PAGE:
Have I ever blogged about cousin Henri? I can’t remember so I’ll just blog about him now.
Henri Camille Montet was my granny’s cousin in that iffy, Cajun way in which the family tree is simplified by just calling someone a cousin when you can’t remember the exact connection. In fact, Granny’s grandmother and Henri’s father were brother and sister. So, they were third cousins. I think.
Henri was a great favorite of my granny even though they were 25 years apart in age. Apparently they loved to attend church fairs together. My granny always did love a church fair.
Since he died long before I was born, I never met Henri. But I certainly heard about him. He was an only child, and death was a constant visitor in his life.
When he was less than a year old, his father and grandfather died within weeks of each other on the family property in Assumption Parish. The grandfather was 65, but his father was only 24. It’s possible the same illness took both of them.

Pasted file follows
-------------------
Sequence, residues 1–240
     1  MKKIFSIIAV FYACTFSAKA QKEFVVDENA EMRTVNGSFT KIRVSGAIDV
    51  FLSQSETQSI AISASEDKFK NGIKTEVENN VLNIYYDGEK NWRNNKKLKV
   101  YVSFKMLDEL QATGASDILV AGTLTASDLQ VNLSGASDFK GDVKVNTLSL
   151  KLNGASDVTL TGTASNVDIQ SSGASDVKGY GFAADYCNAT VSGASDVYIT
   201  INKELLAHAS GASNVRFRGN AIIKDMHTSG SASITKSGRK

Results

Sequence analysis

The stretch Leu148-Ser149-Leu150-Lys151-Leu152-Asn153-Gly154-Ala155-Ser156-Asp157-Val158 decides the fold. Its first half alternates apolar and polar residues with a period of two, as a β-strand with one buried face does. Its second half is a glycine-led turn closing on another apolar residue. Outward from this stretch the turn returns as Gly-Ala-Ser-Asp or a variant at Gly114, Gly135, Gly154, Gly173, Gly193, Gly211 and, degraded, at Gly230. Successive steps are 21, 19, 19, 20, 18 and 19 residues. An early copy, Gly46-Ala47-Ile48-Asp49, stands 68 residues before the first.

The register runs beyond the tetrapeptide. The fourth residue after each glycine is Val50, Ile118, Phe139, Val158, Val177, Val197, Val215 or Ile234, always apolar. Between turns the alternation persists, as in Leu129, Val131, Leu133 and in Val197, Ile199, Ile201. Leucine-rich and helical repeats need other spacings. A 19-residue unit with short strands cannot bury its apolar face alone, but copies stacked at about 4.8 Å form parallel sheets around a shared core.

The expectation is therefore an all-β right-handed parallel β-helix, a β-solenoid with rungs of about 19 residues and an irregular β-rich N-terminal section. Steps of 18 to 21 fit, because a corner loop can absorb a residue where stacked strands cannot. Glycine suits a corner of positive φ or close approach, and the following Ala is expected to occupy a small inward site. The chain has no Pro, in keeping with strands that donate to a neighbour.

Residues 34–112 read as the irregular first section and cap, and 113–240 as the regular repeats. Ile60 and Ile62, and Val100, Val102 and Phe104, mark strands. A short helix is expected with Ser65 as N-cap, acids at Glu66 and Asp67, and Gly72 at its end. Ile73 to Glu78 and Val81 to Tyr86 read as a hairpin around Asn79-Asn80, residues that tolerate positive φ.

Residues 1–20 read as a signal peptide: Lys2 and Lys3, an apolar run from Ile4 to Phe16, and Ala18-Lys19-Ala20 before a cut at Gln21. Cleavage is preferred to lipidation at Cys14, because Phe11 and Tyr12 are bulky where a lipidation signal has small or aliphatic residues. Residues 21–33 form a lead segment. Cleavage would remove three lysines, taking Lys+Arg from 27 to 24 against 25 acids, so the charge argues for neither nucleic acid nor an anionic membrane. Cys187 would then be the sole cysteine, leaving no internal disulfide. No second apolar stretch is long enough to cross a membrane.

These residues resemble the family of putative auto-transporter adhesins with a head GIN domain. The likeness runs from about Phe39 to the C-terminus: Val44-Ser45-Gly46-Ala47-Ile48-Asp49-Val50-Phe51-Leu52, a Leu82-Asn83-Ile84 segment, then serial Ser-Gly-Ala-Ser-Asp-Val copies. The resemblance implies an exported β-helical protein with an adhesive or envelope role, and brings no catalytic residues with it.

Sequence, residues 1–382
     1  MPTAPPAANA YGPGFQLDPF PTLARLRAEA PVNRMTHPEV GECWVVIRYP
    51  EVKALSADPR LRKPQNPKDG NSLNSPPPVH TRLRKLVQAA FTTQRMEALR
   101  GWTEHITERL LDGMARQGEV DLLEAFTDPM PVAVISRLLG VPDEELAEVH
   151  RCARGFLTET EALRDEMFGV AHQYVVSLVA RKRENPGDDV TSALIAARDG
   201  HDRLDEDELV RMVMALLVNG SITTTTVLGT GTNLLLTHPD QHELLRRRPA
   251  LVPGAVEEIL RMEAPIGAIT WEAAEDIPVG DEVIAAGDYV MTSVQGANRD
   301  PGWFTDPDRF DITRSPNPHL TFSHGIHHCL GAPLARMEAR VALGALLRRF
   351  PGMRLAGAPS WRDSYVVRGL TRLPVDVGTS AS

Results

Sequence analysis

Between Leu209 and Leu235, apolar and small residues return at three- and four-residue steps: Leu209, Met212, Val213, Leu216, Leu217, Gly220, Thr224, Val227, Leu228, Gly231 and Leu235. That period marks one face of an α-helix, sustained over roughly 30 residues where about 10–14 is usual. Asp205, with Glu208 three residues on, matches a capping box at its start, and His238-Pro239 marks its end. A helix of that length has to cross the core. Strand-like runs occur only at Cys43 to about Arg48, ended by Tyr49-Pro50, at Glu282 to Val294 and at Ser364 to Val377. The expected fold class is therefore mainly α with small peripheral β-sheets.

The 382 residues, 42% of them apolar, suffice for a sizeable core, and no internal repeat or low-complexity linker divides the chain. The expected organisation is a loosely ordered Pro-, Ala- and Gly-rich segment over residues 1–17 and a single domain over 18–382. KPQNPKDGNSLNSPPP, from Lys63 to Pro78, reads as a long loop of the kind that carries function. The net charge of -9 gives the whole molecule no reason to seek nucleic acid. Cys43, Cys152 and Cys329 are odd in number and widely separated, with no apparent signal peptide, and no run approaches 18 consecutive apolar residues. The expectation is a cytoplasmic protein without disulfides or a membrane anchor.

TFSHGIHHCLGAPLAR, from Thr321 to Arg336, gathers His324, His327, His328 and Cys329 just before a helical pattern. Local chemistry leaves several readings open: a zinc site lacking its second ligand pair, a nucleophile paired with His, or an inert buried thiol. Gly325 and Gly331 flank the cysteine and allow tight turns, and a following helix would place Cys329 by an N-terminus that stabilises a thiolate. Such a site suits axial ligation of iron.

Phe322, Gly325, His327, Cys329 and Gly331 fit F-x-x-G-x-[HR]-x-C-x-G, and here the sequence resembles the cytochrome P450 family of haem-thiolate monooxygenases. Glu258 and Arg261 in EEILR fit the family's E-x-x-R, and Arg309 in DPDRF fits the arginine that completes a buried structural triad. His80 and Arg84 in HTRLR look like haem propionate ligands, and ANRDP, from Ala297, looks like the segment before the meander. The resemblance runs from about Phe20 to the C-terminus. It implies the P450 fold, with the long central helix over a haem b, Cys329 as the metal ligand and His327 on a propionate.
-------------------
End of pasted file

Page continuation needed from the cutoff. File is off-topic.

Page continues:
Henri’s mother was of sturdier stock. She never remarried and lived to be 95.
Henri’s brides weren’t as fortunate. He married twice. Both of his brides died within months of the weddings. His first wife, Olimpe, died seven months into the marriage. His second wife, Rosalie Emma, died fourth months after saying I do.
After that, Henri was a confirmed bachelor so I was shocked to discover he fathered at least one child. Baby Hesta – born to an African American woman named Bertha Thomas in a neighboring parish – died of the Spanish flu in 1918 at just a few months old. Henri arranged for the baby’s burial. His name is on her death certificate, which is the only reason I know Hesta even existed.
Henri built a career as a justice of the peace in Assumption Parish. He also was a member of the Police Jury. He moved in with two unmarried sisters in his final years and left them what he had when he died in exchange for taking care of him.
Now I wish I’d asked my granny how she and Henri became such good friends (since they didn’t live in the same town). Apparently he showed my country girl granny the big town of Napoleonville when she was a young girl and took her to the church fairs. Later, after she married and started raising her six children, they kept up a correspondence. Henri’s letters always encouraged my granny to come visit and take in another church fair.